Shaving Hacks: Things to Keep in Mind 

Brought to you by Venus
When it comes to shaving, there’s plenty of information out there that dictates how you should and should not shave, what you should and should not do, and when and where you should shave.

Without a doubt, shaving is the quickest, most painless way to get rid of all that unwanted body hair. A simple razor can go a long way in getting soft, smooth, and silky skin. But while it is a painless process, it isn’t altogether without risk.

Here are a few hacks to make your shaving experience a comfortable, efficient, and risk-free one.


Exfoliating is a very critical precursor to shaving. It helps get rid of dead skin cells, so that they won’t hinder the shaving process by choking your razor. Buy yourself a good pair of exfoliation bath gloves and go about exfoliating your skin in gentle circular motions. If you don’t have a pair handy, pumice stone works well, too – but remember to be very gentle so as to not land up grazing the skin.

Replace your cartridges

What many women don’t know is that razor blades have a shelf-life of their own. General rule of thumb suggests that you should change your razor blade after every three (max. four) uses. A dull blade could provoke the nuisance of ingrown hair and can also increase the chances of getting nicks and cuts. A good way to tell when you need to replace your razor’s cartridges is by checking the indicator strip – if it is faded, it’s time to head out and buy some new cartridges.

Substitute shaving gel with hair conditioner when in a pinch

If you need to tighten the purse strings and can’t afford to go out and buy a good quality shaving gel/cream, use hair conditioner as a substitute for it. Avoid using soap because soap foams contain more air than water, thus reducing the moisture content required. Hair conditioner is a good quick-fix for those months when you’re strapped for cash.

Shave with the grain and then against it

There are a number of articles on the right direction to shave in for women. Some suggest shaving in the direction of hair growth to avoid ingrown hair while others recommend shaving against the direction of hair growth to get a closer shave. To be safe, shave downwards (i.e. with the grain) and then proceed to shaving upwards (i.e. against the grain). This is a good way to go about it, particularly if you have sensitive skin.

Never use horizontal strokes

If upwards or downwards shaving is a controversial topic, shaving horizontally is a forbidden one. Never shave using horizontal strokes because you could slice your skin if you slide the razor sideways across the skin. Stick to vertical strokes and you’re safe.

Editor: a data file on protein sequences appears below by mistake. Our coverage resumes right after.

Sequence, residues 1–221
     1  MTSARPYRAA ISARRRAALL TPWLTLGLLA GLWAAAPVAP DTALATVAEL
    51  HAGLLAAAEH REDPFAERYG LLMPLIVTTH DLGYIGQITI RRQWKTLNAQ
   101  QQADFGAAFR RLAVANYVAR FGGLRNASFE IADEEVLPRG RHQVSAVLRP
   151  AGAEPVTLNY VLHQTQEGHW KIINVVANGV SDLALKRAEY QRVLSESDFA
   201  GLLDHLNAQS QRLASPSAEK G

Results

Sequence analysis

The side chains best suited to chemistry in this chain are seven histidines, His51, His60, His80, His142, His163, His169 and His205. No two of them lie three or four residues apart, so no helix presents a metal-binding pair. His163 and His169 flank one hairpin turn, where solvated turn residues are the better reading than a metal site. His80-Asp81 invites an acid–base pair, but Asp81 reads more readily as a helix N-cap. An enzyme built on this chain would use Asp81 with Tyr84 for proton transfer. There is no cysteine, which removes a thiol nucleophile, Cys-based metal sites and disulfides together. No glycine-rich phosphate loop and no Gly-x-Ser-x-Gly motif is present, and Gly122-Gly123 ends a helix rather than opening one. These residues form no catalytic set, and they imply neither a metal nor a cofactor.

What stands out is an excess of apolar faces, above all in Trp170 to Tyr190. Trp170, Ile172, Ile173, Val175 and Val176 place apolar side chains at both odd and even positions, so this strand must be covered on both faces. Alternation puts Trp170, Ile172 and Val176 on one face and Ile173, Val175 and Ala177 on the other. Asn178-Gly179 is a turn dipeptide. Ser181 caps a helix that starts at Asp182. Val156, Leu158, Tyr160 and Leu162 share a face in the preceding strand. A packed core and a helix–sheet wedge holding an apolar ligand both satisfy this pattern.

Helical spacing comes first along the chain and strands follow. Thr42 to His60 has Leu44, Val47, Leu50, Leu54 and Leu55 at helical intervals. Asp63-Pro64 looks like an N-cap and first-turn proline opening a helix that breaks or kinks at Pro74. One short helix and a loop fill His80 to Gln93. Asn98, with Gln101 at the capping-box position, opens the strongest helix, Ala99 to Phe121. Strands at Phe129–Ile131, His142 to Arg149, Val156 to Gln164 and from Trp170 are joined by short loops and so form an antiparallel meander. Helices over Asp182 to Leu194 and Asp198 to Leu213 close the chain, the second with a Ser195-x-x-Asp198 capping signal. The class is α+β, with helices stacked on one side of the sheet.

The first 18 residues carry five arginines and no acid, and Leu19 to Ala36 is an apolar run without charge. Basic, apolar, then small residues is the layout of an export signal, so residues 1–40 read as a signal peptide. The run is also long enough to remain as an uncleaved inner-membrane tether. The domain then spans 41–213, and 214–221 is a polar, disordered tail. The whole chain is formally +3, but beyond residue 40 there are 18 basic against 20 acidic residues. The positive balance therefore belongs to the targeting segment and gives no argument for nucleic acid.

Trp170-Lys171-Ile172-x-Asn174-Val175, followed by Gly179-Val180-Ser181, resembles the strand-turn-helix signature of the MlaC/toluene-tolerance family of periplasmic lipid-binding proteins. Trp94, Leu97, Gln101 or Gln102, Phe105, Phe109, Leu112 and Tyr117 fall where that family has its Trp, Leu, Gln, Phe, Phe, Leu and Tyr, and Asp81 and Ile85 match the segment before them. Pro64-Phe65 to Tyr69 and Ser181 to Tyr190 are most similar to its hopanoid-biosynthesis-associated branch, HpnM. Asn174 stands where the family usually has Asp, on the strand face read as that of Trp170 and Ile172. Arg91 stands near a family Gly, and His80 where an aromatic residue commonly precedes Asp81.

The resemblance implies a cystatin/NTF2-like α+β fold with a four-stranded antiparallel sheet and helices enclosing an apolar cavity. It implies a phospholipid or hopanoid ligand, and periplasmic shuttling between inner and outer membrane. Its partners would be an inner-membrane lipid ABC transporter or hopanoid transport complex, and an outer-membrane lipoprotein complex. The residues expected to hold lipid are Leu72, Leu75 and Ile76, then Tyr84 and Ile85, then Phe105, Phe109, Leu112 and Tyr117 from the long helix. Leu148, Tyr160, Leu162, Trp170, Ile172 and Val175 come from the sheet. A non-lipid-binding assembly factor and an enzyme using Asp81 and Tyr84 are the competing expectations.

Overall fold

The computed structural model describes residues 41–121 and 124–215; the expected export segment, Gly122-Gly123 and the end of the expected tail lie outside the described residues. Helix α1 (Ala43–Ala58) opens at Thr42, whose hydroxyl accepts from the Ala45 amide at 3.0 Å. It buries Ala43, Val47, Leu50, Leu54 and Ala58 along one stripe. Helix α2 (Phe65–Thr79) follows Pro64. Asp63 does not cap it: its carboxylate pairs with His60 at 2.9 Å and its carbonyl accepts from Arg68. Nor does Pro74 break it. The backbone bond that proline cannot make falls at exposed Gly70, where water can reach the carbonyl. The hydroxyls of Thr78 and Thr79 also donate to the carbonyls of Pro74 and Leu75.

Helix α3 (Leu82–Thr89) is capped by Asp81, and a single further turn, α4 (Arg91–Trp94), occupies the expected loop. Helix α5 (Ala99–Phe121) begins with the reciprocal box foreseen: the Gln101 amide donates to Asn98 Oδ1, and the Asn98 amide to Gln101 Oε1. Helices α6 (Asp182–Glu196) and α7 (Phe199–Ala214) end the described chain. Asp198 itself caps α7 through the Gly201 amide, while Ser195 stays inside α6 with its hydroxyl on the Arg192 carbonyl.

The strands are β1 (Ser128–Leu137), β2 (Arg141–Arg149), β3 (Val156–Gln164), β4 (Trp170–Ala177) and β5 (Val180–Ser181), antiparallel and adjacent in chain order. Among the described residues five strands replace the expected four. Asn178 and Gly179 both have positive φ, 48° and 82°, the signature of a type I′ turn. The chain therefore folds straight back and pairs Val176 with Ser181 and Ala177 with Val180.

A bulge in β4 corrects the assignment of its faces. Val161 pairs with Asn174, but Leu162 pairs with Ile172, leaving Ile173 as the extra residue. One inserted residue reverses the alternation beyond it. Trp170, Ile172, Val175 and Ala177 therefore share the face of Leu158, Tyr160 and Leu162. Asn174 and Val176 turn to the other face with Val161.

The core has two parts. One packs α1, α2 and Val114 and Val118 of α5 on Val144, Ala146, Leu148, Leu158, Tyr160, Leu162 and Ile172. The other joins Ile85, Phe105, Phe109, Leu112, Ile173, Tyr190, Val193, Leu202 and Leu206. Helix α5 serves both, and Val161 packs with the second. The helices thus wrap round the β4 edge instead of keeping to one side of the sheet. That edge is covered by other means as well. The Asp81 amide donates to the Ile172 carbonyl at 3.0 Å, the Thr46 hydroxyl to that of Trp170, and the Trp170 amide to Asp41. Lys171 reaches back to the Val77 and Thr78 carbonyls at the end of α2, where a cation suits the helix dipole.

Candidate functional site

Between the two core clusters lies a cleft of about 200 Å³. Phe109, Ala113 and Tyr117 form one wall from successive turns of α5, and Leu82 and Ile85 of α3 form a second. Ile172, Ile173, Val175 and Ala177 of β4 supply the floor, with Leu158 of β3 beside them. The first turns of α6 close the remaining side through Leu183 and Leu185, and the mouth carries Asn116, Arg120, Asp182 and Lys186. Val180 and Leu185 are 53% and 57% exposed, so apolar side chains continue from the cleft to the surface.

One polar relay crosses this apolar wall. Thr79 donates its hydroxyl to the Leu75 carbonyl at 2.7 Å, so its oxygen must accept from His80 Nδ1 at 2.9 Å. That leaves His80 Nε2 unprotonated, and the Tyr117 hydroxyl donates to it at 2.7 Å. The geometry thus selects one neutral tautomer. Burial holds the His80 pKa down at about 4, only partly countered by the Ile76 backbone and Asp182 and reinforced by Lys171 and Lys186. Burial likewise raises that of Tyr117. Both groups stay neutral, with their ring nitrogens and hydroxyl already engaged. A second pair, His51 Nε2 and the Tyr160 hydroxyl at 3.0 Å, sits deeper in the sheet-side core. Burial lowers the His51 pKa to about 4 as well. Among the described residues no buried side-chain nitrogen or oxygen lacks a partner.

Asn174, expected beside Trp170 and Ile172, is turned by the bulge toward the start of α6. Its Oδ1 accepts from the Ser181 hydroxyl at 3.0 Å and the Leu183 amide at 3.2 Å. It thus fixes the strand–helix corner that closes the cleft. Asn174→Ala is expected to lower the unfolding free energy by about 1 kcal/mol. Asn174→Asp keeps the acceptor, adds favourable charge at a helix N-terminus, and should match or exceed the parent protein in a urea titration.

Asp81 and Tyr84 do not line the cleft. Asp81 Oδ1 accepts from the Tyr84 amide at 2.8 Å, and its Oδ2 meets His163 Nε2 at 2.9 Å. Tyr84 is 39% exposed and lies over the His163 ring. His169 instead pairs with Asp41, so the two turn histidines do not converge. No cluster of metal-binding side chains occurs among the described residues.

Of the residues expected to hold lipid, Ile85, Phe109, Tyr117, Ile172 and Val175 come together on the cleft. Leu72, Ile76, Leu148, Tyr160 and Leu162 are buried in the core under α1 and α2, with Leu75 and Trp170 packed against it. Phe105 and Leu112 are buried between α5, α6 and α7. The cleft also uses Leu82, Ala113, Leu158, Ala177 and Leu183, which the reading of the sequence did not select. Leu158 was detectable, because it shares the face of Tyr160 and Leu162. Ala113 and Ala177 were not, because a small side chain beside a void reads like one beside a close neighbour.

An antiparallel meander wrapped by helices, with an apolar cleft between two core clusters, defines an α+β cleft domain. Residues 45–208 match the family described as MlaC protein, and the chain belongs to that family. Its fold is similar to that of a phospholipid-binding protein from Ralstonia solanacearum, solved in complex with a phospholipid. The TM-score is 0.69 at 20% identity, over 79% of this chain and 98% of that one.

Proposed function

Bypass sores and wounds

When shaving, try to avoid going over any injured parts of your body, i.e. parts affected by sores or wounds. If they’re open wounds, all the worse – running a razor over them could be painful and result in unnecessary and avoidable infections. So, make sure you go around those spots.

Bend the knees

When shaving your legs, bend your knees to get a thorough shave on and around the area. Because the skin on the knee is loose, it is likelier that the razor might get caught in the folds of the skin if your leg is outstretched. Bending the knee makes the skin taut, which in turn makes the shave easier and more efficient.

Keep your razors capped

Most razors come with a protective plastic covering, and there’s a reason for that. When not in use, keep your razors capped with the protective plastic – it prevents dirt and dust from accumulating on and interfering with the blades and allows for a smooth, easy shave.

Store your razors outside the bathroom

We often tend to leave our razors on some shelf in the bathroom after we’re done shaving. However, the steam and heat in the bathroom can cause the razor blades to rust, thus rendering the blades ineffective much faster than usual. Keeping the razors outside of the bathroom, in a dry place, prevents the rusting and prolongs the life of the blades.


Never take your skin for granted. Whether or not you have sensitive skin, it is advisable that you apply a moisture-rich moisturiser post your shave. A cooling moisturiser with aloe vera is a good go-to option. Since shaving peels off a layer of dead skin, moisturising after prevents post-shave skin irritation and red bumps.

Pull your skin taut

When shaving the flabbier parts of your body, where the skin is loose, pull the skin taut – it makes shaving easier. Shaving on loose skin could be a bumpy ride, with chances of the razor getting caught in the skin folds, thus impeding nice, even strokes for hair removal.

Use long and short strokes

It’s okay to use long strokes on your arms and legs, but on awkward areas like the knees, just as a precaution, make your strokes short to avoid slicing yourself.

Buy razors that come with moisturising strips

While shaving gel/cream is a great way to moisturise the patch of fuzz before shaving, it is also recommended that you purchase a razor that comes equipped with a moisturising indicator strip. The Gillette Venus razor comes with a Vitamin E- and Aloe Vera- infused indicator strip, which helps with moisturising your skin whilst shaving.


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